Ryan Emmons: I grew up in California and Hawaii, spending all of my winters and summers there with my Hawaiian family. During that time, I gained an incredible appreciation for the environment and the active, nature-filled lifestyle that’s unique to these places. That, coupled with a history of involvement with clean water, education, and conservation NGO’s led me to try to begin developing the concept for Waiakea Hawaiian Volcanic Water after I realized there was a dire need for a lifestyle brand that could create positive industry and social change.
I went to the Marshall School of Business at USC because it had the number one undergrad Entrepreneur Program in the country (the LLoyd Greif Program for Entrepreneurial Studies), and started developing the concept, feasibility, and business plan over the next few years before graduating early and launching it full time.
Wellness Patterns: What are the differences between artificially and naturally alkaline waters? When measuring alkalinity, an alkaline pH can be the result of natural or unnatural conditions in the water.
Ryan Emmons: Naturally alkaline water has a chemical makeup that is vastly different from artificially alkaline water. A naturally alkaline water’s pH corresponds with the amount of minerals present in the water — the higher the mineral content, the higher the pH. On the other hand, artificially alkaline water has undergone a process they call ionization, or “electrolysis”, that gives the water a certain pH, but rarely possesses the minerals found in naturally alkaline waters.
At the end of the day, more research needs to be done on high pH waters. The health benefits are uncertain as there is very little research to prove that a high pH can have any effect on our bodies — our stomachs need to be acidic to digest food and our bodies have powerful mechanisms to balance our internal pH, whether it’s in the blood, digestive tract, or internal organs. What we do know is that healthful minerals found in naturally alkaline waters, such as magnesium, calcium, and potassium, are bioavailable in water and have many FDA-approved health benefits.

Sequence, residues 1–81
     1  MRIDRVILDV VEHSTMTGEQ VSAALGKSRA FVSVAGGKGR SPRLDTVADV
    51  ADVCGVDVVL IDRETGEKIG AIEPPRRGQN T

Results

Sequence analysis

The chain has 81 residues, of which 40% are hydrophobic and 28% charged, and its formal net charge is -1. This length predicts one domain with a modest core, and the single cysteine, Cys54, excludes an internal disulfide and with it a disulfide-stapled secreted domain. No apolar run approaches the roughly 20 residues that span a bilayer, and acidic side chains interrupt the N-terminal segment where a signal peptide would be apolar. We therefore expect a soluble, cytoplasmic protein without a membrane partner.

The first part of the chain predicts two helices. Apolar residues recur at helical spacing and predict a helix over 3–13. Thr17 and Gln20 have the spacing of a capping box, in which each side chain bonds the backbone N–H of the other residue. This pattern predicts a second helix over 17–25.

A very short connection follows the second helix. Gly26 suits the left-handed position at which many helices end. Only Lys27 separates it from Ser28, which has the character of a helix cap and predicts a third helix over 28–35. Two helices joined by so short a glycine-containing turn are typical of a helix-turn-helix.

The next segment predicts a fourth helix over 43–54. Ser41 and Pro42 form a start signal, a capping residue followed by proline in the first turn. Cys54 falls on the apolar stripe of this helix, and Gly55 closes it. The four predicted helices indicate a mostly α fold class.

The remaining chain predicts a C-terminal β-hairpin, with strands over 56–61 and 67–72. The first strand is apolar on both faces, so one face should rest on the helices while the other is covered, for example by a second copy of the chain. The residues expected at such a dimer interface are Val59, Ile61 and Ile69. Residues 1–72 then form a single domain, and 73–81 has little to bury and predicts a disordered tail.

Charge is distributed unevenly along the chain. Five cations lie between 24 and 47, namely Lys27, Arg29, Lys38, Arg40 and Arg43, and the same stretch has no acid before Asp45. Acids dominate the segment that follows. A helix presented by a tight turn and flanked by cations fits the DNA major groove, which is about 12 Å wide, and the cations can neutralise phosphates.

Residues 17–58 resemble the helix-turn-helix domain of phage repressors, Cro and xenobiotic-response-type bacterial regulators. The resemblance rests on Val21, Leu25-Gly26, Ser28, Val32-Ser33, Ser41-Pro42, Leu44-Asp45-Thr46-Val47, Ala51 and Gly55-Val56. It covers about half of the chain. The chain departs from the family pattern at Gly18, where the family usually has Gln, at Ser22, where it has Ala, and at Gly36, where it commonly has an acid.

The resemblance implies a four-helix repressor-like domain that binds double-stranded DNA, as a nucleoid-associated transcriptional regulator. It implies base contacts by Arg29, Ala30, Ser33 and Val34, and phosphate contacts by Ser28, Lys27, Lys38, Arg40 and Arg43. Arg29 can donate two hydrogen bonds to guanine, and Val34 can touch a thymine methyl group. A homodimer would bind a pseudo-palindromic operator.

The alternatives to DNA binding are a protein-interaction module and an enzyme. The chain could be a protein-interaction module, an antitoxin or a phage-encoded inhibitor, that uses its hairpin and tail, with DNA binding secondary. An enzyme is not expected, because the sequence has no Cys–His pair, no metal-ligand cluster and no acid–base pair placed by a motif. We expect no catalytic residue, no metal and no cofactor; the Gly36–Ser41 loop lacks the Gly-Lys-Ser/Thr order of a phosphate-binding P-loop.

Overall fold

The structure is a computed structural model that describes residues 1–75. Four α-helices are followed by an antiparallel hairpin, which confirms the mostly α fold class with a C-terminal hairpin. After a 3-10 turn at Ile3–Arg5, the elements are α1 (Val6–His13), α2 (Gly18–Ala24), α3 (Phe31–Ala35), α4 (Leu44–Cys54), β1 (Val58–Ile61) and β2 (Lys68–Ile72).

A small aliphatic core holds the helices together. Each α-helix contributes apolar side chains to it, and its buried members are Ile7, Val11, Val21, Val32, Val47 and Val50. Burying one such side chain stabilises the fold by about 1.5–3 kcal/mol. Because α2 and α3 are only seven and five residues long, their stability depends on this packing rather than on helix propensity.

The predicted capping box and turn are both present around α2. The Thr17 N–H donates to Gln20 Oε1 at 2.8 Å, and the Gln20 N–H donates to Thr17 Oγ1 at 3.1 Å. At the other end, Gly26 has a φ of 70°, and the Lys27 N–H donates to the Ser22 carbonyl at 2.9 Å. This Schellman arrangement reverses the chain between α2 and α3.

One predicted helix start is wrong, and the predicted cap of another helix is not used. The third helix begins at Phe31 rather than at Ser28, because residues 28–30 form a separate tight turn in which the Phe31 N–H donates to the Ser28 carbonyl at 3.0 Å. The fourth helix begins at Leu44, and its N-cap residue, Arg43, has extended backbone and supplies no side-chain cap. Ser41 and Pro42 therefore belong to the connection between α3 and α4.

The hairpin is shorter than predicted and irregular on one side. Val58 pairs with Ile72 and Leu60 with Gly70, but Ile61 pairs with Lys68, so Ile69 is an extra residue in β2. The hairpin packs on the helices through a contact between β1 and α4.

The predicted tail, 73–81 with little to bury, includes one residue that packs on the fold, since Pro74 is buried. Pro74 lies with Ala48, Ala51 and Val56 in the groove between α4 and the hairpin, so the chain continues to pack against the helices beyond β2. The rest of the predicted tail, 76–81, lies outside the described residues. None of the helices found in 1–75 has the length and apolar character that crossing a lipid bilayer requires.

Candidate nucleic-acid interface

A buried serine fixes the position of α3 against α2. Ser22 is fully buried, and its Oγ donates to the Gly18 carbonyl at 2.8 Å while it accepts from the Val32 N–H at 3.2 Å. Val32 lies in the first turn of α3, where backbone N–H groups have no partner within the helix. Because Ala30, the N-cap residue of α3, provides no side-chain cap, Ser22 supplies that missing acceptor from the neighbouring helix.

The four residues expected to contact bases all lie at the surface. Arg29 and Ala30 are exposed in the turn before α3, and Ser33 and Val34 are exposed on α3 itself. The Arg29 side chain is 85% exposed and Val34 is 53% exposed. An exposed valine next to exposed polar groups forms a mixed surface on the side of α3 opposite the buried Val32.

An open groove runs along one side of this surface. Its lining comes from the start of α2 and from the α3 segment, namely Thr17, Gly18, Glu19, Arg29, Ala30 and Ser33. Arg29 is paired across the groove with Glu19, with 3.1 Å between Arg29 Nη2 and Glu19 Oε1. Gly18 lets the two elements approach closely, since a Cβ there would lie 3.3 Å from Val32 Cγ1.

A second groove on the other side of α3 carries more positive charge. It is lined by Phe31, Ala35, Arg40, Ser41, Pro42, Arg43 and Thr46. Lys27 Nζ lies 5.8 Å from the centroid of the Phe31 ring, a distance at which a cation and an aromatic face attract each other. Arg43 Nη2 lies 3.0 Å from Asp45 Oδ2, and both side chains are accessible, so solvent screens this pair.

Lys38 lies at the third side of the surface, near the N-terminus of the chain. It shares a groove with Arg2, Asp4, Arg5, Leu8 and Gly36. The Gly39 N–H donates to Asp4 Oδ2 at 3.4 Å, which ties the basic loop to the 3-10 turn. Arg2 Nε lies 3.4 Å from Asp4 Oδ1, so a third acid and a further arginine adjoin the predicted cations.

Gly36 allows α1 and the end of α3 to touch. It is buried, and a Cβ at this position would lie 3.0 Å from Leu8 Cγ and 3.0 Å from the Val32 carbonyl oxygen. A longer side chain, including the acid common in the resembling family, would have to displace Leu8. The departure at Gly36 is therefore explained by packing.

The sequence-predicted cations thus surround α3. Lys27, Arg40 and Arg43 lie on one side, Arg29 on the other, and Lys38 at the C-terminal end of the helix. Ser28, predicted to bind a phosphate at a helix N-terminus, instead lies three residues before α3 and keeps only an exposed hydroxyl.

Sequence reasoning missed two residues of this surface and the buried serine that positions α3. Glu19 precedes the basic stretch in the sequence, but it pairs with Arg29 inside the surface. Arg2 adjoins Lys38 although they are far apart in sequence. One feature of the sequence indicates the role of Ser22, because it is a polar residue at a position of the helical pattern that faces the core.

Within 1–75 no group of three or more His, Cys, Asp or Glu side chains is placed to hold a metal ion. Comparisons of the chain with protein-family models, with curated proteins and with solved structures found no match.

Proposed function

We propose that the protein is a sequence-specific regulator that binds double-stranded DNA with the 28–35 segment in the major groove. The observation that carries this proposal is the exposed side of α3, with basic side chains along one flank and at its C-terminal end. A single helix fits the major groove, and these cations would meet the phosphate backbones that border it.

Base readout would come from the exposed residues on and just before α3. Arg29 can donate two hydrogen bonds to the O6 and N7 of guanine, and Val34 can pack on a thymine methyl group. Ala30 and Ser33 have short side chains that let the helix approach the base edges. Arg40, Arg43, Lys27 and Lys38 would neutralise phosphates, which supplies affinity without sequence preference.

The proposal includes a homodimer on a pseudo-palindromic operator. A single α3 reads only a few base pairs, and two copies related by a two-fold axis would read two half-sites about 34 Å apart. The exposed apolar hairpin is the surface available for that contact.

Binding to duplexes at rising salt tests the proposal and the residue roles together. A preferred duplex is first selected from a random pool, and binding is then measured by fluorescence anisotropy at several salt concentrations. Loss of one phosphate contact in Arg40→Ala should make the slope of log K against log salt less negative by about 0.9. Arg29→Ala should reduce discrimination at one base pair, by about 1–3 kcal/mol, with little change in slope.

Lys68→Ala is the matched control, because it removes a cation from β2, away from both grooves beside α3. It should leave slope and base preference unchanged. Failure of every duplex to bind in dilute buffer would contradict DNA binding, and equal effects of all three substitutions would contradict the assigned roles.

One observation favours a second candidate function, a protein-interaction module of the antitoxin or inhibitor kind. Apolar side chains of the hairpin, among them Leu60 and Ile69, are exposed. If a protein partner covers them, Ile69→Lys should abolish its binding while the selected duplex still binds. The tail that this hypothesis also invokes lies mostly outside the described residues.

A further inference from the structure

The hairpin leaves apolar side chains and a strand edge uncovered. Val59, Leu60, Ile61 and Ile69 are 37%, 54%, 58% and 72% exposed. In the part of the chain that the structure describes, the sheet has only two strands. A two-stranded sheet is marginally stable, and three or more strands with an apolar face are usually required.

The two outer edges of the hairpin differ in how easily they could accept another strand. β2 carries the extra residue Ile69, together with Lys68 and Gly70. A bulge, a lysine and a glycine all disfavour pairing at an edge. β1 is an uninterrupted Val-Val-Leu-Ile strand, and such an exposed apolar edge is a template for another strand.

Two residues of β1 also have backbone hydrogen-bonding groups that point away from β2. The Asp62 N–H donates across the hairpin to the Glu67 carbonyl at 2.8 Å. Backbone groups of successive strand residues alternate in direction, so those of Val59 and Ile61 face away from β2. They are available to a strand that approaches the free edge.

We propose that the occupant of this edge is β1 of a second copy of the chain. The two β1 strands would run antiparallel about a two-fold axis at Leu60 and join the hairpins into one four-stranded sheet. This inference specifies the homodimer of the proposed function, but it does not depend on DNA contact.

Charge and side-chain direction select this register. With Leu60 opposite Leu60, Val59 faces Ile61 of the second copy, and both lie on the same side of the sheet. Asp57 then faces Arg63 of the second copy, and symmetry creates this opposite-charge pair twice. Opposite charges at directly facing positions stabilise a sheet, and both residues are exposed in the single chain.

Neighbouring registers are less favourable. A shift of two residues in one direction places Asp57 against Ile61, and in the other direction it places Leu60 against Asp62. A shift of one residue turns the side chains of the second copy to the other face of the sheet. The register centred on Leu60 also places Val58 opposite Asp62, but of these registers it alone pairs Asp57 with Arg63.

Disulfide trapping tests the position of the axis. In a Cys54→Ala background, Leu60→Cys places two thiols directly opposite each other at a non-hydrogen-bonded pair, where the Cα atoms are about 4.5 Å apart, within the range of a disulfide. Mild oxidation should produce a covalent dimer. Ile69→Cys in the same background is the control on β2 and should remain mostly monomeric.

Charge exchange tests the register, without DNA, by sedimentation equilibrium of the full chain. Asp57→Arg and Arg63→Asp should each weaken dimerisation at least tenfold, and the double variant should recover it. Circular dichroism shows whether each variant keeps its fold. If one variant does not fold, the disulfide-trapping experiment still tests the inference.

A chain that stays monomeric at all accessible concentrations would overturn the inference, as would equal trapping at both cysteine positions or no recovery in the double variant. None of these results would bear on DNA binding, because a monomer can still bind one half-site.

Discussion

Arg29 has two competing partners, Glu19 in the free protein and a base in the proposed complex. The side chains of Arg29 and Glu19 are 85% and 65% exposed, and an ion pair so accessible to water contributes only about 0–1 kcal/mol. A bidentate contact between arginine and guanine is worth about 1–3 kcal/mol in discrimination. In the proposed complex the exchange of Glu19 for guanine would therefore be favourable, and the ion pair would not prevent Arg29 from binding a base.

Remember, I’m not a dietician or doctor, nor am I offering any medical advice. There’s just a lot of conflicting information floating around out there and this topic will only be settled once conclusive studies have been published. But as Dr. Mercola says in one of his publications on alkaline water, the value of alkaline water has much more to do than pH alone. And that’s really the difference between artificial and naturally alkaline water.
Wellness Patterns: How is the water sourced?
Ryan Emmons: 2,400 miles from the nearest industrial landmass and surrounded by 10 million square miles of ocean, Waiākea is completely isolated from the rest of the world, originating in Hawai’i through both snowmelt and rain on the pristine snowcapped peak of the active Mauna Loa volcano, one of the purest environments on Earth. Waiākea is then filtered through thousands of feet of porous lava rock before re-emerging at its source, a deep volcanic well, located at the eastern base of the Mauna Loa volcano in a secluded area surrounded by rich and bio-diverse forest preserves.
Wellness Patterns: What differences will a consumer notice in drinking your water?
Ryan Emmons: Waiakea has a smooth mouthfeel and a very subtle hit of sweet (that’s from the silica!).
Wellness Patterns: What are some of your plans for the future?
Ryan Emmons: As a company, we’re always evolving. Some of the most exciting endeavors on the docket
involve furthering our commitment to sustainability and ethics.
For example, in the next year, Waiakea will be the first premium-bottled water to biodegrade in anaerobic and aerobic environments—yes, that means that all our bottles will be biodegradable, even in landfill or ocean environments.
Additionally, we’re expanding charitable partnerships beyond our long-standing relationship with Pump Aid, to include local nonprofits on the Big Island, and more specifically Hilo.
Furthermore, Waiakea is expanding their partnerships with local nonprofits in conservation and education on the Big Island, and will be making some pretty significant announcements of our new community programs.